I found an interesting article over at the Hootsman. (I know, I know… in itself that is worthy of a post…)
It is a piece, written my Dr Andrew McFadyen who used to work for the Labour Party as a media advisor, and was part of Iain Gray’s team in the last general election. An inside man then and with his doctorate in Labour and Scottish Parliament, possibly a knowledgeable one.
I don’t agree with all that he says, but I base my opinions on observation from afar, and he bases his on actual experience of working with these people and researching at a high level. I accept, therefore, that he knows a deal more about Labour and Labour politicians than I do.
Anyway, the piece made me think, and that’s never a bad thing, right? So somewhat rambling (and far too long, sorry), this is what it made me think.
He says he has respect for Johann Lamont. Now, I’m sure that Johann is a very nice woman, face to face, but as a party leader and potential first minister, it is hard to see where that respect comes from. But, thinking on, Lamont is a woman who takes orders from a London boss with his own agenda. Even McFadyen admits that the role of overall Scottish leader which Lamont achieved, and Gray never desired but never managed, is truer on paper than in actuality.
He also talks about Labour’s big hitters, and the fact that in the event of a yes vote, they would have to come home and practise politics in Scotland rather than at Westminster. And he names Dougie Alexander, Jim Murphy and Margaret Curran, none of whom I consider to be big hitters.
In fairness though, maybe their lack of ability to get across a message lies in the fact that they really, at heart, don't believe anything they are saying. They are flogging centre right to right wing policies, like benefit caps and austerity for the poor, because they know that it is in the interest of their careers, not of their constituents, and contrary to their political beliefs. Labour is wearing someone else’s clothes and they don’t really suit, or fit. Always an uncomfortable and confidence sapping experience.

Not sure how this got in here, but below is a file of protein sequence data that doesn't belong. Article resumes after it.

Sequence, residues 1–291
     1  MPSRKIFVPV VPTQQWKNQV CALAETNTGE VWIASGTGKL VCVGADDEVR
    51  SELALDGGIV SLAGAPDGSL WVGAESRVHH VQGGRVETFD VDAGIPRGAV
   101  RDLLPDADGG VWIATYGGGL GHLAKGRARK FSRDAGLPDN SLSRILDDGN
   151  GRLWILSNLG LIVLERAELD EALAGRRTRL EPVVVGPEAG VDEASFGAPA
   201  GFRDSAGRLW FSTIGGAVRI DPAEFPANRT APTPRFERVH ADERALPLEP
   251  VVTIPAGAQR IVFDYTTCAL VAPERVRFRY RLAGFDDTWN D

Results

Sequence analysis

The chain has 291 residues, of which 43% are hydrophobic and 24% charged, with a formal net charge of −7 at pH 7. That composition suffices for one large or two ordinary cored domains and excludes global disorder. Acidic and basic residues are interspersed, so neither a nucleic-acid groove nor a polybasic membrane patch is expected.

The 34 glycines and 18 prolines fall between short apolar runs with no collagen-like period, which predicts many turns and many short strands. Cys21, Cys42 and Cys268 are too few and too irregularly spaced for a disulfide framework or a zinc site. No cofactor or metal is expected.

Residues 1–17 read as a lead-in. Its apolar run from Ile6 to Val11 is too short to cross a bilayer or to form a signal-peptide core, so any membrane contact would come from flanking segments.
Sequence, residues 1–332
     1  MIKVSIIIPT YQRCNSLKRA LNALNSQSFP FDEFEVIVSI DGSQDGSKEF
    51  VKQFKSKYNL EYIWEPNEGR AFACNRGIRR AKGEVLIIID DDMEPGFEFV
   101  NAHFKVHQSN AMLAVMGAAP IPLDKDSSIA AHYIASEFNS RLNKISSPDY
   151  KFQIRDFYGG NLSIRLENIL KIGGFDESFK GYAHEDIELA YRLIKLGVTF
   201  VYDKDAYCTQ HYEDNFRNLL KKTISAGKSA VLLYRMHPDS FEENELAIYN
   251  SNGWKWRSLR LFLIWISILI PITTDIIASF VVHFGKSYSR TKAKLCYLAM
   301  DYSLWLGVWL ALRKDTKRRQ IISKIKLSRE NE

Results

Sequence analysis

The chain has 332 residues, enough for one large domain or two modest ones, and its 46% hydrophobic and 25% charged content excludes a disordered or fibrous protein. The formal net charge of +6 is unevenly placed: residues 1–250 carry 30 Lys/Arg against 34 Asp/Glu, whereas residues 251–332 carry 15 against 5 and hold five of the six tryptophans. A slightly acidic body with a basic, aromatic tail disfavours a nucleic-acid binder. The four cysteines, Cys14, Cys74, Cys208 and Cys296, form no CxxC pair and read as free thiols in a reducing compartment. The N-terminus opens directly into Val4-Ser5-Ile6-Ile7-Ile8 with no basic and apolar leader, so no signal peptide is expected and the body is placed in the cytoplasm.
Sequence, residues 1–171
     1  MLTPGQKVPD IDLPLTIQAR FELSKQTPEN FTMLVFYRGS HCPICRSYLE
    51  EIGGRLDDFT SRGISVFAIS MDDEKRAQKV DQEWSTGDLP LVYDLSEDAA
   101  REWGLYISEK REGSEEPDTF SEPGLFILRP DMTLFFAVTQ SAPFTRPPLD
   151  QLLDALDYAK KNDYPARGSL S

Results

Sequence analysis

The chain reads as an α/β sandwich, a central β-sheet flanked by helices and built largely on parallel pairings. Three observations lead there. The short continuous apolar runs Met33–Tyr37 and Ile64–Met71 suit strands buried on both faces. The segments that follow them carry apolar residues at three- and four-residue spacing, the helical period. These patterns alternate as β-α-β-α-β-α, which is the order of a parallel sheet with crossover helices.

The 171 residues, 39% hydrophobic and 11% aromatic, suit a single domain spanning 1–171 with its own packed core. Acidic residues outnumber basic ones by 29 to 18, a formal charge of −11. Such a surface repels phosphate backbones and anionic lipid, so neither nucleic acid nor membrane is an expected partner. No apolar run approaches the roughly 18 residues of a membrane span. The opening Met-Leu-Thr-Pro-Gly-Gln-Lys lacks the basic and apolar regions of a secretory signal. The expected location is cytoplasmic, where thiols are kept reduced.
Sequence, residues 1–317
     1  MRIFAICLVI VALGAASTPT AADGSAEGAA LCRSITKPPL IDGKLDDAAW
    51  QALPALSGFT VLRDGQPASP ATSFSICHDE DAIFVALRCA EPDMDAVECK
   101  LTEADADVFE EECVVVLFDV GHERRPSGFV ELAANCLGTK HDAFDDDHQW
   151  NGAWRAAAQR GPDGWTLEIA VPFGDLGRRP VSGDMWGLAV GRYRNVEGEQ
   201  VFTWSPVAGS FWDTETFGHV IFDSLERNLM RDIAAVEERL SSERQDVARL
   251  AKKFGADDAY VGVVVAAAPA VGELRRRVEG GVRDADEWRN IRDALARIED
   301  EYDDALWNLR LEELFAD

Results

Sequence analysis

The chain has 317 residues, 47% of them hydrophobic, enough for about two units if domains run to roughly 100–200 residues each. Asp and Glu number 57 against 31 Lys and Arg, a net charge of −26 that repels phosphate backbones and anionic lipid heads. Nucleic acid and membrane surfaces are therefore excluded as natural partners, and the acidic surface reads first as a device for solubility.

But I think the main point he makes is that Labour’s task after the defeat of 2011, the worst showing apparently since the 1920s, was to build a vision “and imaginative agenda” for Scotland, which he says has given way to “project fear”.
Alistair denied last week that the Better Together, No thanks, NoBorders, UKOK team had ever referred to itself as Project Fear… but we can be pretty certain that it has. And it certainly is.
Initially people like Cameron and Darling tried to impress Scots by talking up the union.
That’s not a difficult job when you are addressing the massed oligarchs of the City of London but I don't think that Cameron understood that that message isn't universally successful.
Power, prestige, position, military might, closeness to the USA, CLOUT (even imaginary), went down rather less well in the ordinary streets of Scottish towns, where the number of embassies, consulates, the position of the UK in the G8, UN, Nato and a few hundred other organisations, mean absolutely nothing to the residents. But a lack of childcare, decent facilities, housing, the reduction in tax credits and the high cost of essentials like gas and electricity means everything.